Blog 2: Meeting Norman Lindsay
My interest in art goes back a long way. Wherever I have travelled I have always carried paints and a watercolour pad to capture memories of hilltop views or coastal plains. I find it relaxing and spiritually enriching to connect with the landscape in this way and I can look back at these crude brush marks and feel a great sense of place and emotion. I think humans have this intrinsic need to connect to the land and to make their mark in different ways.
In the late 60’s as a young doctor at Royal North Shore Hospital I had the opportunity to meet Norman Lindsay and I was excited to meet this famous and controversial Australian artist to say the least. We spent many hours discussing art, mostly his harsh views on modern art, although he kindly looked at my paintings and was gentle and encouraging with his criticism! He believed drawing was the key to any artistic venture. I base all my own works on the use of that lovely implement, the pencil.
Da Vinci’s definition of Art is finally authorative "Art must reveal the direction of man’s soul, which is defined by the action of the limbs." With patience Lindsay showed me how to draw faces and hands. I still have the drawings and a letter he wrote to me inviting me to his Springwood home.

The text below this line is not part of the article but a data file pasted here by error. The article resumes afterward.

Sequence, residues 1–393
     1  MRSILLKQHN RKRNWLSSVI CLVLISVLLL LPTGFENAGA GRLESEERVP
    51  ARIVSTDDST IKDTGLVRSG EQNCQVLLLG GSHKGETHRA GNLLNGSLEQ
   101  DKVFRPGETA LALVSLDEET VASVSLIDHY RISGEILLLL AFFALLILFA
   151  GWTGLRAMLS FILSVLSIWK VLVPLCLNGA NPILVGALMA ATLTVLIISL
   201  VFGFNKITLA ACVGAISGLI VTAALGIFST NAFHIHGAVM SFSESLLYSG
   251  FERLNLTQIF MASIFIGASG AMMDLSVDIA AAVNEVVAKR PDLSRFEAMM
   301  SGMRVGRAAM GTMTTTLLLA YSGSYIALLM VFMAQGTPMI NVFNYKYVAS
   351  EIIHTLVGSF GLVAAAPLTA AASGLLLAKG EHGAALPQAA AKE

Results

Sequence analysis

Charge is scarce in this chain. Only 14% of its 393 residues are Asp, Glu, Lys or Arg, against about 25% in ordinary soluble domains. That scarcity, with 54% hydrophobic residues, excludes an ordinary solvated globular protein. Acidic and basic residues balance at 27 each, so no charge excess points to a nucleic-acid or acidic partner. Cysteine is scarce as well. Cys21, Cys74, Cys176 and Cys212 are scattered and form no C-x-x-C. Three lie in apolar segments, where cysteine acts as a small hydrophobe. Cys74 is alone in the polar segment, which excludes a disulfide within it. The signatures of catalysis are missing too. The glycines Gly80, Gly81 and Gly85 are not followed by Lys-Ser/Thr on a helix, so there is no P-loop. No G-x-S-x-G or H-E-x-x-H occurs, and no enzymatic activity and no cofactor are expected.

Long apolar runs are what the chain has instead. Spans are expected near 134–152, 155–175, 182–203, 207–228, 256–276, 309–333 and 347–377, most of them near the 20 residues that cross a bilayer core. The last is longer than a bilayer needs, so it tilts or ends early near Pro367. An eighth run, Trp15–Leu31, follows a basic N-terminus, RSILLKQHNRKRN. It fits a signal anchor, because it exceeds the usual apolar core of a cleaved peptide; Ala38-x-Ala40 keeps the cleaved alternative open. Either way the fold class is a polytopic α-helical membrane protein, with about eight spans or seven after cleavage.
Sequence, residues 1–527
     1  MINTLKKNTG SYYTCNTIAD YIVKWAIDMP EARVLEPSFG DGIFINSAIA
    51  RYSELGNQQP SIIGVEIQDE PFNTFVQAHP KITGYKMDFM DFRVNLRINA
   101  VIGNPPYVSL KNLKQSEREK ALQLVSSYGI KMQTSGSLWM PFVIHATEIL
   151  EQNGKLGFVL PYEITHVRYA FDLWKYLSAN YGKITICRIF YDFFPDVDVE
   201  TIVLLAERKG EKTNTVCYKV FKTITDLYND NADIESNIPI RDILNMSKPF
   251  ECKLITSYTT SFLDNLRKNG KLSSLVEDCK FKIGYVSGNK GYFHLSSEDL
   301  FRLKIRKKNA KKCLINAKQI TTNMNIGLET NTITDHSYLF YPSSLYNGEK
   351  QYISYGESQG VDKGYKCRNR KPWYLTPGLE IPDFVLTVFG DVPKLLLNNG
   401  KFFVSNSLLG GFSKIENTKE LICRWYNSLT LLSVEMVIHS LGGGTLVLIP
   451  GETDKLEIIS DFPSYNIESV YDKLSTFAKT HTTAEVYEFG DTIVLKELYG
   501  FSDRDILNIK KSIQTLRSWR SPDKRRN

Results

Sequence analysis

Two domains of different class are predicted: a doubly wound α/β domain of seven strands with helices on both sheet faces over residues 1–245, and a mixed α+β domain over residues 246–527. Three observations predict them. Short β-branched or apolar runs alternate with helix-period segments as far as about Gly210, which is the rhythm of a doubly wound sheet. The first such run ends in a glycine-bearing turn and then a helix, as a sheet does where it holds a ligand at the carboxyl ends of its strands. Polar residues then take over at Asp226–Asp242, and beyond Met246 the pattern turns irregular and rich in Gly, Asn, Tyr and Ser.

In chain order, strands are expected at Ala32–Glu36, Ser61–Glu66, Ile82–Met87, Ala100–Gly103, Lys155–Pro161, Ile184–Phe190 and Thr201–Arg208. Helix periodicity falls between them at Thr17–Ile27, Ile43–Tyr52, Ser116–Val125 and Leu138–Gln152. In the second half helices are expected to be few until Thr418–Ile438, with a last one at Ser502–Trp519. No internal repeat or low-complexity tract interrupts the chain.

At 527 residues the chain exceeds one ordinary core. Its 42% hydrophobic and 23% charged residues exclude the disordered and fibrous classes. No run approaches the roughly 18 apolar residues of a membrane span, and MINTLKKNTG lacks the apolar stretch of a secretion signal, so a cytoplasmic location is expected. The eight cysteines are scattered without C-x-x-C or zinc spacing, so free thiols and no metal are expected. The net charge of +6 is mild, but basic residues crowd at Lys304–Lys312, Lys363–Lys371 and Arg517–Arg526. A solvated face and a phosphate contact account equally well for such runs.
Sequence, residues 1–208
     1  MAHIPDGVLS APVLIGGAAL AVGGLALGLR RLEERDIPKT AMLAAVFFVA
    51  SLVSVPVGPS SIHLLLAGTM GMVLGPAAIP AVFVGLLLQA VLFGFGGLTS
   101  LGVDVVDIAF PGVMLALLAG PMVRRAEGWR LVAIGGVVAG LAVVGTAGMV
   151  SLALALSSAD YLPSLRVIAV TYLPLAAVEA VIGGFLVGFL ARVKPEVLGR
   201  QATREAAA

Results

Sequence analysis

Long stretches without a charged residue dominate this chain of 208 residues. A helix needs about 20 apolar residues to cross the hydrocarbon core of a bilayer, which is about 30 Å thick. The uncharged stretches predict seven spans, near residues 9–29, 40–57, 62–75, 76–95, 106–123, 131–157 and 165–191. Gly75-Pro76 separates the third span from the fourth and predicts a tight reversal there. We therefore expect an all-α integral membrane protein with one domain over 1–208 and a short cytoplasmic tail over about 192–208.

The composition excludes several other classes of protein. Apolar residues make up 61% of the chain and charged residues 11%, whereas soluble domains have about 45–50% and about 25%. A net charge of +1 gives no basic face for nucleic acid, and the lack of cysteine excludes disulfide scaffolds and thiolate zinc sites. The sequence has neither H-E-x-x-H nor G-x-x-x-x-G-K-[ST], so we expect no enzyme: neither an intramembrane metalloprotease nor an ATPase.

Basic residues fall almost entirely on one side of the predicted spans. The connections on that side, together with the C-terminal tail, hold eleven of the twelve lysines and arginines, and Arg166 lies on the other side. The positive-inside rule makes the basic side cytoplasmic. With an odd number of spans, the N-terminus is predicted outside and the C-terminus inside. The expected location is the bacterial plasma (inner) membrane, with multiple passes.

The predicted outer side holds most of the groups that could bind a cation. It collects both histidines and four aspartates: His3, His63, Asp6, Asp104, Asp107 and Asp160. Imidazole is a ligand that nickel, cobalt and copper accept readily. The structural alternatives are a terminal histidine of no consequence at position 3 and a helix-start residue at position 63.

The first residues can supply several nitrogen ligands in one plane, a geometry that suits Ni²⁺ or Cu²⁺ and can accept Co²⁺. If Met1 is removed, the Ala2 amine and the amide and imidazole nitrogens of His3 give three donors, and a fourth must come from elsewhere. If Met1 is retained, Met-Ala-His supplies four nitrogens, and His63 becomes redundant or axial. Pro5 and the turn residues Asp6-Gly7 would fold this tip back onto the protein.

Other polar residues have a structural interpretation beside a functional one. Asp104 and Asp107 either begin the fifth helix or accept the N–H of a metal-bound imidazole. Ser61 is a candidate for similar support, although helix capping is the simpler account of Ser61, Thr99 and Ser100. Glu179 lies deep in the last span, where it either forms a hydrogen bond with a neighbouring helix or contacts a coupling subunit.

In that very special letter he wrote:
Of late, a considerable number of people have written, claiming high talents for some youthful art student, who, when presented with his works, is just the average young muddler caught up with the present day looney bin creed of impressionism, showing no evidence of study from life, which is the basis of all quality in conceptual art. But your case is different. (phew, that was a relief!) First of all, you are a medico, and it is your profession which has supported the whole art movement in this country. Apollo was the God of art and medicine, and the unity there is that both the artist and the doctor are equally engrossed in studying the constitution of the human ego – physically and mentally. Moreover, you have gone the right way about it, which is direct study from life, and the various mediums used in its pictorial presentation.”